Are There Problems with NamUs National Missing Persons & Unidentified Persons Data Integrity?

April 6th, 2018

Questions regarding NamUs’ Unidentified Persons data integrity arise after discussing a NamUs case with a local Coroner.

On April 4th, 2018, I was speaking with the local coroner, Vernon Collins, discussing NamUs UP #2060, the skull found by a hunter back in 1991 (read all about it here in my prior articles: Unidentified Remains in Columbia County, 1991 Cold Case Reopened). There is an update with a twist to come soon! However, while on the phone with Vernon, who is wonderfully helpful and knowledgeable, I also brought up the subject of NamUs Unidentified Person (UP) #17420. I had some questions about this particular case too so I seized the opportunity to broach the subject.

Quick synopsis on this case from NamUs: burned remains were found in a house fire in Appling, a tiny town on the north side of Columbia County, Georgia. This case notes the date found as January 2nd. The date created in Namus is February 1st, while the most recent date of an update on this case is February 26th.

As it turns out, this NamUs case is closed and should not even be in NamUs. The remains were identified the very same day that they were discovered, and the coroner does not know why they are listed in NamUs. Why was this person entered into Namus 25 days after he was identified? Who entered this case? Why was this NamUs case updated on February 26th, almost another month later and went through a QA review yet it was not closed out?

Anyone can search for a house fire in Appling, Georgia, and find ample information stating exactly what happened and naming the deceased. In fact, both Fox 54 and The Augusta Chronicle reported that the man was identified as 57-year-old Charles Dorsey on the date of the fire. His was an unfortunate death, the fire was caused by a hot plate, likely while Charles slept. For additional information, please see links at the bottom of this article. With all this information available, and so quickly, how did this man make it into NamUs as a UP?

Charles Dorsey RIP
May you rest in peace, Charles Dorsey.

In addition to raising questions as to how cases in NamUs are created, reviewed, and eventually deleted, this incident also calls into question the validity of the data that is currently available in NamUs. How many of the 229 unidentified persons listed in NamUs for the state of Georgia are actually unidentified? The Georgia Bureau of Investigation only lists 54 unidentified persons in their very similar database as of today. This is a substantial variance. Thousands of investigators and missing persons volunteers use this data daily, sites like The Lost & The Found by Reveal rely on the data they receive from NamUs. (I love The Lost & The Found site and highly recommend a visit!)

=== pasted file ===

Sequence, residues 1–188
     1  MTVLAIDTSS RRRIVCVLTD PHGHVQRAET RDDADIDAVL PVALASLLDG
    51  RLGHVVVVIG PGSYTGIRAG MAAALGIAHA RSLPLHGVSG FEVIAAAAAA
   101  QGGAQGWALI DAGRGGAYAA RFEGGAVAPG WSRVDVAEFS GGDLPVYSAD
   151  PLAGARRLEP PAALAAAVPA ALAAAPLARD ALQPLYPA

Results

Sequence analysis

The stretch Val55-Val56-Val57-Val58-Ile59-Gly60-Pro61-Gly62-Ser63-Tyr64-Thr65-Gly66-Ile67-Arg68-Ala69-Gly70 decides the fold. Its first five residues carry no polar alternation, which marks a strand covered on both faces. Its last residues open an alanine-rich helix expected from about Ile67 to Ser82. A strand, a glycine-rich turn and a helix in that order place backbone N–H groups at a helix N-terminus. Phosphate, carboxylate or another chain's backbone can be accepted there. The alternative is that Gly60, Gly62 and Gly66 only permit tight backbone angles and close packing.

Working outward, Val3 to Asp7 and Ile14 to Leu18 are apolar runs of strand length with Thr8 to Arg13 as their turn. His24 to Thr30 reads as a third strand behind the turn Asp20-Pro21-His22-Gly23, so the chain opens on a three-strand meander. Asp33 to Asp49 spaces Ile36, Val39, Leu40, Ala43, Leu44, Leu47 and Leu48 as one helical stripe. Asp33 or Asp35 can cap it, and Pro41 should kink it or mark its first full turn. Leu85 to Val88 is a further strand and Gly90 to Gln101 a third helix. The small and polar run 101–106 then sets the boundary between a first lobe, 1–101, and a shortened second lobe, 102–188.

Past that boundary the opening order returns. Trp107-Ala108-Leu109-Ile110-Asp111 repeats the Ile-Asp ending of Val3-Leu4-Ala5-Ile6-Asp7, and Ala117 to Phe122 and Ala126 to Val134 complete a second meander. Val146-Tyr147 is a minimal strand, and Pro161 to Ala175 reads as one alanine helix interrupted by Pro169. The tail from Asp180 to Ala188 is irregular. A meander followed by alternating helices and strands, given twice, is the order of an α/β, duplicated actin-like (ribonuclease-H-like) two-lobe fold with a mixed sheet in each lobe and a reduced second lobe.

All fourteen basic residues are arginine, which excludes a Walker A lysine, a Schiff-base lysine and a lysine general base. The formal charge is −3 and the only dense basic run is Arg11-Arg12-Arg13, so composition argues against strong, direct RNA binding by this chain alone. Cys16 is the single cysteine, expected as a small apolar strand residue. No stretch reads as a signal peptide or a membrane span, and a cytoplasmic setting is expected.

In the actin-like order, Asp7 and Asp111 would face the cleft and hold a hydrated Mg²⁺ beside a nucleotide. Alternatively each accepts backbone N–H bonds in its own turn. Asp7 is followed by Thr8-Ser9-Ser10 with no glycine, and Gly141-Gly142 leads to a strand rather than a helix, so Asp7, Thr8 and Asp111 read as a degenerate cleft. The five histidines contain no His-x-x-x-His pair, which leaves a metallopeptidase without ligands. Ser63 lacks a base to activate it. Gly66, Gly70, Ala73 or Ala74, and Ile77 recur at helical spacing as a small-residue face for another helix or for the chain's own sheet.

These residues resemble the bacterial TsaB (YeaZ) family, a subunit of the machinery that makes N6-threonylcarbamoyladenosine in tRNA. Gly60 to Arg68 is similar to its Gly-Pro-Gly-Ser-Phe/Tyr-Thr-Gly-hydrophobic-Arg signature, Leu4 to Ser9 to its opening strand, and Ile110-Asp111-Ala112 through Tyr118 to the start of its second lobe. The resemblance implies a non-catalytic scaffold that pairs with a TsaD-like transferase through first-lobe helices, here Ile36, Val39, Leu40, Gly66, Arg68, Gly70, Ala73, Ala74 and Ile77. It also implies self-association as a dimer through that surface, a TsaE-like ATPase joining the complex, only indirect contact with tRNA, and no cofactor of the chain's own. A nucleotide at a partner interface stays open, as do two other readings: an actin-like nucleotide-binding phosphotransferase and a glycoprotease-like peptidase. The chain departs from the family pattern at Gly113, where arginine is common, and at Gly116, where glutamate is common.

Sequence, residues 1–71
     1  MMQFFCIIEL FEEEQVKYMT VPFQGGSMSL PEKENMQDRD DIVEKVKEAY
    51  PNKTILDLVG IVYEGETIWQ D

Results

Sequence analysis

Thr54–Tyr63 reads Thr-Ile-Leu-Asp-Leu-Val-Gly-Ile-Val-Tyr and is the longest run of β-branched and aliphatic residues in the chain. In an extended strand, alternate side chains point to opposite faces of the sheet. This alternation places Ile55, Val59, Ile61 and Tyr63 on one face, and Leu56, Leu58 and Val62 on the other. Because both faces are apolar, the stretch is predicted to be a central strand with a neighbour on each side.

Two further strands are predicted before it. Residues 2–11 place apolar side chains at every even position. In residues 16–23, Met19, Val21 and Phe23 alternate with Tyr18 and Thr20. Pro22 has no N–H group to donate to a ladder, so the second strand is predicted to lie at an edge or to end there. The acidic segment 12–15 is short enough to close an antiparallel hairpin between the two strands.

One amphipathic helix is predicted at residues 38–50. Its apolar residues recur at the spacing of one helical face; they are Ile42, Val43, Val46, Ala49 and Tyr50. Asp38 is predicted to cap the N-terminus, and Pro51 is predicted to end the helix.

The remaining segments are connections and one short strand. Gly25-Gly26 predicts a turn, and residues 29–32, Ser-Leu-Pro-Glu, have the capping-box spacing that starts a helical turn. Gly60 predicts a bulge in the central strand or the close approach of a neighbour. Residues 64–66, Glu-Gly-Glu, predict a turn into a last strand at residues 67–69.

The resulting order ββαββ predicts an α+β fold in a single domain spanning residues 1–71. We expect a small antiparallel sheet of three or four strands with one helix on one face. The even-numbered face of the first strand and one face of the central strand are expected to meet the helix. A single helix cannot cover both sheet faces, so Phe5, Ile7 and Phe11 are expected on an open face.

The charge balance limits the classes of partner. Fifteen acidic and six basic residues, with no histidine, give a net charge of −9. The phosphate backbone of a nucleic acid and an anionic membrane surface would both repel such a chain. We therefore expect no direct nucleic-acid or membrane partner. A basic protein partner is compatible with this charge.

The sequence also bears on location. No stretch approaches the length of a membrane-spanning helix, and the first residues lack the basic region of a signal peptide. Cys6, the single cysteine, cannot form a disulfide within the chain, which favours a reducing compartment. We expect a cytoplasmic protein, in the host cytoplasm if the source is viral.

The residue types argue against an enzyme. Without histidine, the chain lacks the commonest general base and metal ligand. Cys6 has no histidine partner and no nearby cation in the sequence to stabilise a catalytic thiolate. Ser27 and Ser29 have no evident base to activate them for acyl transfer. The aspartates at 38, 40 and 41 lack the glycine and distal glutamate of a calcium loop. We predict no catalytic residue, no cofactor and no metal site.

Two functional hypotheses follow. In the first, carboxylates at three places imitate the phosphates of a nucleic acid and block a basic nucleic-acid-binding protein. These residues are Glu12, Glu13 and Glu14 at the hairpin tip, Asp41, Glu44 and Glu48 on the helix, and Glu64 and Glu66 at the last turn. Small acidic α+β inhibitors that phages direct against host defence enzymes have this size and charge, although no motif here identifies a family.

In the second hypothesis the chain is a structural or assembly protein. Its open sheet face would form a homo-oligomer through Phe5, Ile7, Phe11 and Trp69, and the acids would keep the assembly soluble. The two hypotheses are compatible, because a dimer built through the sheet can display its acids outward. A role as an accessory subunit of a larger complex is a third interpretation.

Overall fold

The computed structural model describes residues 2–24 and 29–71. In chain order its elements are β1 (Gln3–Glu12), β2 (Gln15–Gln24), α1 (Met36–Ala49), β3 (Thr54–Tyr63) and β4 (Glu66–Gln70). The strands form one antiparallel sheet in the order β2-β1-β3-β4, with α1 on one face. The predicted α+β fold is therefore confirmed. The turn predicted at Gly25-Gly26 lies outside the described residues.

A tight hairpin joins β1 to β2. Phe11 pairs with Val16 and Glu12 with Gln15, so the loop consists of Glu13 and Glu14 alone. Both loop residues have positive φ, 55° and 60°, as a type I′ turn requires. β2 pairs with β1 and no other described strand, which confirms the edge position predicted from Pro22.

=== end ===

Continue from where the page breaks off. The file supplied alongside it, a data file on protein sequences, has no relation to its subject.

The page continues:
Are all cases actually entered into NamUs or the GBI databases? What about the 3 bodies found in December 2016 in Richmond County that were noted as unidentified in the news previously? Were they identified and just not in the news and that is why they are not in NamUs? Are they still unidentified and should be in NamUs? What can we do to improve this process so that our national reporting system actually has good data, for law enforcement and volunteers throughout the country?

I intend to speak with the Richmond and Columbia County Coroners soon to hear their opinions and learn more about the process on their side. I will speak with NamUs representatives as well. I contacted NamUs this morning but have not received a call back yet. It typically takes a good 5-6 business days for a response there, so it may be awhile before I have a presentable update, or an updated and accurate NamUs database, which is my end goal in this endeavor.

What can we do to improve this process so that our national reporting system actually has good data, for law enforcement and volunteers throughout the country? Is there anything you would like to see me ask? Or are you involved with NamUs or local law enforcement and can provide insight? If so, reach out below or via email and let me know!

Sources for this article:

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